Internet the Death of Print World?

12 Jun

It’s a valid question. A question that, given the answer, could affect all too many people’s jobs and our history of how we approach reading. I’ve come across this question many times in the past, especially as I’ve worked for both a print newspaper (they had a Web site in its beginning stages) and a kind of directory/magazine that did most of its work online, as they published only four times a year — they had a bi-weekly newsletter sent to its subscribers’ emails. As the internet provides 24/7, infinite access, what does that mean for newspapers that can only, at best, publish news the next morning? (Many newspapers are responding to this by creating Web sites of their own on which stories are published and updated throughout the day.)

In his interview with The Rumpus (a very cool Web site by the way, check it out), novelist Dave Eggers — creator of McSweeney’s, a journal with another, even cooler Web site that’s HILARIOUS… that’s right, hilarious, in caps — provides an optimistic answer that I might just be able to believe. Basically, print will survive, but it’s got to try harder:

Rumpus: So you’re not looking at a post-paper world.

Eggers: My admittedly strange opinion is that we need to try harder with print. We can’t just give up on it. Inevitably there will be some loss of newspaper readership, but even that will stabilize. Not everyone wants all their news online. Do we all want to look at screens from 8am to 10pm? There’s room in the world for both online and paper. It doesn’t have to be zero-sum. I guess that’s one of the things that’s always frustrating to hear, that the rise of the Internet means the death of print. There’s always this zero-sum way of painting any given industry or trend, while the reality will be more nuanced. I think newspapers that adjust a bit will survive and still do great work. But we do need to give people reasons to pay money for the physical object. The landscape right now does require that we in the print world try harder. We have to think of the things that print does best, and do those things better than ever before. We need to use the paper, maximize the physical product.”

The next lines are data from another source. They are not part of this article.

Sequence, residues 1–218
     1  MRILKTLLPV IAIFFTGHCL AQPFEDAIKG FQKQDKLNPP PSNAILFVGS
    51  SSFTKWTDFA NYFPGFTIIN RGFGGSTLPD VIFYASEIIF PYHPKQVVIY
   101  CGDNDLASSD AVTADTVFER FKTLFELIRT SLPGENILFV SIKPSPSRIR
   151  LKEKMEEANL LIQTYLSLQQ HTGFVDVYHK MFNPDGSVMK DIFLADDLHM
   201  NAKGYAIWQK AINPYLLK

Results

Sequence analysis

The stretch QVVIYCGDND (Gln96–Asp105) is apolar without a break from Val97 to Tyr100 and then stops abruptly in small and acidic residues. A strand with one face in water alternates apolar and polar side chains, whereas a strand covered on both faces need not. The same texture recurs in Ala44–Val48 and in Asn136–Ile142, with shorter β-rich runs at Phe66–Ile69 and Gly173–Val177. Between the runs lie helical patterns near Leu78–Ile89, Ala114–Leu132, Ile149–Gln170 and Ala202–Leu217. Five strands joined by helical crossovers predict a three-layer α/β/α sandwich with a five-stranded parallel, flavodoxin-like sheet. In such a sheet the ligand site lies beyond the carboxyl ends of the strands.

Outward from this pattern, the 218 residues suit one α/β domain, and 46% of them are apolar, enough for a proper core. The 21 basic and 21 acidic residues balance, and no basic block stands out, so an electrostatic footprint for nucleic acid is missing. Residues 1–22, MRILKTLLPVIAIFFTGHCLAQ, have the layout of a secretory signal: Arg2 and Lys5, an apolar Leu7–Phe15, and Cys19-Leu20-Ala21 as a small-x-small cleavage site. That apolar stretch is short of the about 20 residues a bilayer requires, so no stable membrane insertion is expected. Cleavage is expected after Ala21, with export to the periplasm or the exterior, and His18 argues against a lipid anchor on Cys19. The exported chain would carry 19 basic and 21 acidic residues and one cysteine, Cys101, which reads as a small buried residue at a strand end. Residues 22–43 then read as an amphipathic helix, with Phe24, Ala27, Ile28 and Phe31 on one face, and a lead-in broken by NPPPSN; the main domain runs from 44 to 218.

The rest of the interview (click here to read) is about his new book Zeitoun, which I can’t wait to read. Also, he’s got a new movie coming out (picture and preview below) called Away We Go, which he co-wrote with his wife Vendela Vida. It looks awesome. Plus it’s directed by Sam Mendes.

Oh, I actually think this movie is officially out. Okay, well… go see it!

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